There are people out there who remember a time when England could confidently expect to win a major international match without a stable scrum or a fully functioning line-out, but as they can also tell us what it was like to live through the Great Depression, we can safely say it is not the modern way. By prevailing 23-13 over France at the weekend without a set-piece game worthy of the name, Stuart Lancaster's side showed us something new – something that suggested, more strongly than at any point in the last year, that they may be a champion team in the making.
You could see it in Lancaster's expression an hour or so after the final whistle as the significance of the victory slowly dawned on him. The head coach was not exactly whooping it up - rugby folk of Cumbrian stock prefer the po-faced approach, as Steve Borthwick demonstrated during his Eeyore-ish tour of duty as England skipper - but he was a picture of relief and satisfaction. Correctly, he had identified these opponents, hell-bent on avenging the indignities of recent weeks, as supremely threatening. To have beaten them with an off-colour display was quite something.
"Yes, I did regard this as a really dangerous game," the coach admitted. "What you saw out there was a French team of high quality, highly motivated. When you put that cocktail of ingredients together, the danger is obvious. Problem-solving is a big thing in rugby because the things you bank on don't always go your way, so it's good for the players to go through an experience like this one. You can't replicate it on the training field. There were aspects of the game that didn't go well for us, but I've told the players it was a bloody good win and that they should enjoy the moment. I'm delighted to get that victory."
Many, perhaps most, of the eye-catching acts were clad in blue: behind the scrum the Tricolores possessed the hard-running full-back Yoann Huget, the high-calibre centre Wesley Fofana and the master manipulator Morgan Parra; up front, they were armed with Thomas Domingo, that squat little bundle of pain and torment, and Louis Picamoles, one of the more punishing ball-carriers in the sport. And then there was the flanker and captain, Thierry Dusautoir, whose command performances tend to be off the scale. Philippe Saint-André, who has not always seen eye-to-eye with the Toulouse forward during his time as head coach, had no doubts as to the quality of his contribution here. "That was his best game since the World Cup final and also reminiscent of it," he said. As Dusautoir had touched greatness that day in Auckland, this was lavish praise indeed.
It is also worth mentioning that England had a valuable ally, if an unwitting one, in Craig Joubert, the South African referee. Some of his early decisions against the French were peculiar to the point of unfathomability, and his failure to spot the glaring illegality in the build-up to England's freakishly fortunate game-turning try - when Tom Wood fly-hacked the ball at a ruck, it reached Manu Tuilagi in great rolling acres of open space via the shin of Mako Vunipola, who was patently in an offside position - did not amuse Saint-André one little bit. The French already had history with Joubert. Now they have some more.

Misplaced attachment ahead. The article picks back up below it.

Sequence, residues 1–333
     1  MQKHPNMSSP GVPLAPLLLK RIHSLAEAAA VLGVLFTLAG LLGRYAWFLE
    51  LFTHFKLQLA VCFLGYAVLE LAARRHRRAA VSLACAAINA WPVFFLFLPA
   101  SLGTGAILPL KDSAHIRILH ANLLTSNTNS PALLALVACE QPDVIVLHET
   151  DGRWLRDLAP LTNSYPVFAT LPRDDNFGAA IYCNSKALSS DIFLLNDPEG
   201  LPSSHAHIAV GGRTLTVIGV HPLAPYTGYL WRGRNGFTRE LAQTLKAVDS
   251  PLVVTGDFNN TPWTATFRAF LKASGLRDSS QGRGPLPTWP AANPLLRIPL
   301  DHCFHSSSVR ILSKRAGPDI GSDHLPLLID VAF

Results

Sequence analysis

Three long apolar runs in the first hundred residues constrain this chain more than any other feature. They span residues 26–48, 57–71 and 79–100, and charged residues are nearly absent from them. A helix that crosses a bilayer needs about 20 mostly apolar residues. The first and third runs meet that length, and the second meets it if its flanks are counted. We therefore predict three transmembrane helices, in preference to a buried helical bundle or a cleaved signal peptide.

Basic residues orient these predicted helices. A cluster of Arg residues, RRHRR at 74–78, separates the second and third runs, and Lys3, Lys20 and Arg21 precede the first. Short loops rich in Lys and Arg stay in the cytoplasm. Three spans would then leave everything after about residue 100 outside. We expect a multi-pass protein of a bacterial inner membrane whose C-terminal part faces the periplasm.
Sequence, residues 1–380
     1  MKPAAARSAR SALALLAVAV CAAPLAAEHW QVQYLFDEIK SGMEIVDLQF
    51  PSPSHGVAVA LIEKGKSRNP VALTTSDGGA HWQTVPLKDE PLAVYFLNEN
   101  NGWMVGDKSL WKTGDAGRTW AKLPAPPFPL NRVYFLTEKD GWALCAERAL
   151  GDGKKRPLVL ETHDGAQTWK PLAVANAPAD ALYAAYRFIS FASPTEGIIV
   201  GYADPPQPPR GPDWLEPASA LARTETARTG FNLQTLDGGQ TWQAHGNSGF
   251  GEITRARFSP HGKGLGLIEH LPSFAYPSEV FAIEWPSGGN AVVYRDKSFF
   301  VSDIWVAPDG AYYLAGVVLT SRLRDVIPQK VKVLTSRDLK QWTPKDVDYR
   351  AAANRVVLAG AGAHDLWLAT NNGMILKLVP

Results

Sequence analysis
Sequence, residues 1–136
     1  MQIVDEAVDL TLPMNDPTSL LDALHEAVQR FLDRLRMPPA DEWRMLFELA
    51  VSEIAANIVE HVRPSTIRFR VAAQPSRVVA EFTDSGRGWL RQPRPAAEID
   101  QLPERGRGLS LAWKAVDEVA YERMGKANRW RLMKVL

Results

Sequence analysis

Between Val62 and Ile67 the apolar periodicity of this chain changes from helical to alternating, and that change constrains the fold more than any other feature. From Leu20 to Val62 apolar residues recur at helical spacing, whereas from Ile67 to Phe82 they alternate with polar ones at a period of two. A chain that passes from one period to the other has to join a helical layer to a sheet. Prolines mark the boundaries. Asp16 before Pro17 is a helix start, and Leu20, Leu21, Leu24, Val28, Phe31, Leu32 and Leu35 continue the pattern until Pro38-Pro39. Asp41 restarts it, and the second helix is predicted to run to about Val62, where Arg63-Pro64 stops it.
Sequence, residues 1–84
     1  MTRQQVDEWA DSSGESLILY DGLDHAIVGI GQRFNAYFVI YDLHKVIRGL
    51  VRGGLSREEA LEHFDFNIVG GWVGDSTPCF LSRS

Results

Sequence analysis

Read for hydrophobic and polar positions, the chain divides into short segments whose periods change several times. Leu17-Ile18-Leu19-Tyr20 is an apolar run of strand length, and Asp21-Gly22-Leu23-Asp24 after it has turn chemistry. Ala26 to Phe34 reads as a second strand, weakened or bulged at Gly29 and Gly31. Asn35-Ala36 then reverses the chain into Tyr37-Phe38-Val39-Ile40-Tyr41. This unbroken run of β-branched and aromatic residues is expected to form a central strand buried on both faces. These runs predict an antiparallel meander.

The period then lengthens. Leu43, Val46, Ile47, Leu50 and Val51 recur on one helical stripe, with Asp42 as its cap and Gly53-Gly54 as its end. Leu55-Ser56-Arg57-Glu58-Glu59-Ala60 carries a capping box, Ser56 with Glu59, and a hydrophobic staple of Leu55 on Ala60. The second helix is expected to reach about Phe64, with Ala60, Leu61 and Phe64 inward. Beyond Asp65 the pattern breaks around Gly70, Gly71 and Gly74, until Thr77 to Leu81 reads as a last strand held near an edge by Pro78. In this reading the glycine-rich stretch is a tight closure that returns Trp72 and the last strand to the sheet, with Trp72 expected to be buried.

"Straight off the training field," said Wood afterwards. "I've been practising that for 15 years." The No 8 could be forgiven the joke: along with Chris Robshaw, his back-row partner, he had been far and away England's most effective player - not just in the destructive areas of the contest, where he never fails to impress, but in possession too. "Actually," he continued, more seriously, "you make your own luck in this game with your commitment and your attitude. They picked a big, strong pack and came here to bully us, but we didn't allow ourselves to become flustered."
And that was the key point. All sorts of things went awry for England: the dry statistics tell us that the scrum struggled - a 71 per cent delivery rate is not the stuff of iron-clad solidity - and while the French managed only two line-out steals according to the official figures, the story told by the naked eye was of endless red-rose trials and tribulations in this most important of disciplines. They also conceded a super-soft try to Fofana, tacklers bouncing off him like flies off a windshield. Yet there was not even a hint of panic. Wherever this team goes shopping for its collective self-belief, it is a top-of-the-range store.
Increasingly, it is evident that England are ahead of the game on the conditioning front and are better than any other side in Europe when it comes to influencing games from the bench. Saint-André, uncomfortably aware that his selection policy at the start of the Six Nations had precious few supporters, picked the right people in the right places for this one, but the moment he started tinkering - the half-backs, Parra and François Trinh-Duc, were substituted at the wrong moments - his team began to slip away. Lancaster, on the other hand, enjoyed a handsome return from Vunipola, Tom Youngs and James Haskell.